Major storm heads to Northeast after blanketing Midwest

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“Rosie” runs in the snow on the National Mall in front of the U.S. Capitol, Sunday, Jan. 31, 2021, in Washington. (AP Photo/Alex Brandon)

After days of frigid temperatures, the Northeast on Sunday braced for a whopper of a storm that could dump well over a foot of snow in many areas, create blizzard-like conditions and cause travel problems for the next few days.

It was already impacting coronavirus vaccinations in New York and New Jersey, with appointments for Monday needing to be canceled and rescheduled.

The storm system blanketed parts of the Midwest in the most snow some places had seen in several years. Chicago got almost 7 inches (18 centimeters) of snow by Sunday morning, leading to the cancellation of a couple hundred flights at the city’s two airports. In Wisconsin, snow depths in some counties near Lake Michigan had reached more than 15 inches (38 centimeters), and the snow was still falling. 

“That’s more snow than we’ve seen in a decade,” Chris Stumpf, a meteorologist with the National Weather Service in Sullivan, Wisconsin, told the Milwaukee Journal Sentinel.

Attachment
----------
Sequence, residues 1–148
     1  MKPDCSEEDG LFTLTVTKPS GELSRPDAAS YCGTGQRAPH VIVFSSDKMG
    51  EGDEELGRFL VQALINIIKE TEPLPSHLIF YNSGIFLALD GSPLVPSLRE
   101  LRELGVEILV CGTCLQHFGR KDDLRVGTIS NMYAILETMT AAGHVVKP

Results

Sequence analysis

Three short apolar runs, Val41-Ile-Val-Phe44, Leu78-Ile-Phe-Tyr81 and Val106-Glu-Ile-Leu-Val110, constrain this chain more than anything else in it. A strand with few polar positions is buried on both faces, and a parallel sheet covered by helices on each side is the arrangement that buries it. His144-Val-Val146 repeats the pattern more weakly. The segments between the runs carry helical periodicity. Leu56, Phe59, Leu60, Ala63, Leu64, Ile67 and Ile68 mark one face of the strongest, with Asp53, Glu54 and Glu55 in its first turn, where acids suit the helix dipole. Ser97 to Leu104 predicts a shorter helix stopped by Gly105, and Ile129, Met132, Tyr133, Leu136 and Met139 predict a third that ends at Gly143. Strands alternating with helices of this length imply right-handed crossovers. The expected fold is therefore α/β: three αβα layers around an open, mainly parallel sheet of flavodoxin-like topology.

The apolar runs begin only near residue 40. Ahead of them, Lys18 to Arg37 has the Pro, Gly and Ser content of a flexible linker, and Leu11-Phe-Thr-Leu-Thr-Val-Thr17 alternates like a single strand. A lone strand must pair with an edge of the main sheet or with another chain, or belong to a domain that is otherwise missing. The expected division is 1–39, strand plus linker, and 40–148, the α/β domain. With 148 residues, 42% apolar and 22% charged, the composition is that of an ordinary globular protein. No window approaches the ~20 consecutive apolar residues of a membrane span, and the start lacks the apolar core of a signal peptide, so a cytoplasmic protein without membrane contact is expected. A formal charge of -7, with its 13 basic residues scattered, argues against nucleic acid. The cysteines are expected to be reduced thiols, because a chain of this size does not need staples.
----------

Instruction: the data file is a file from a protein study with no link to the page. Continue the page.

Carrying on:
Three to 5 inches (8 to 13 centimeters) of snow arrived in central Ohio by early Sunday, making for some slippery roads. Washington, D.C., and parts of Virginia had also received some snow, with up to 3 inches in some areas. By the afternoon, the snow was expected to reach Pennsylvania.

Heavy snow falling at an inch to 3 inches an hour was forecast for Monday in New York, New Jersey and Connecticut, the National Weather Service said. Much of the region could see blizzard-like conditions, with a foot to 18 inches (30 to 45 centimeters) of snow.

Temperatures were expected to be in the upper 20s to lower 30s for the New York City metro area. 

With officials encouraging people to stay home and off the roads, that meant vaccine locations around New York and New Jersey were shut down for Monday.

The snow was expected to start falling in Massachusetts on Monday morning, bringing up to a foot of snow to impact the evening commute. The storm will reach northern New England later that night, meteorologists said.

Winds strong enough to bring down tree branches with gusts ranging from 35 to 50 mph (55 to 80 kmh) were forecast for the storm.

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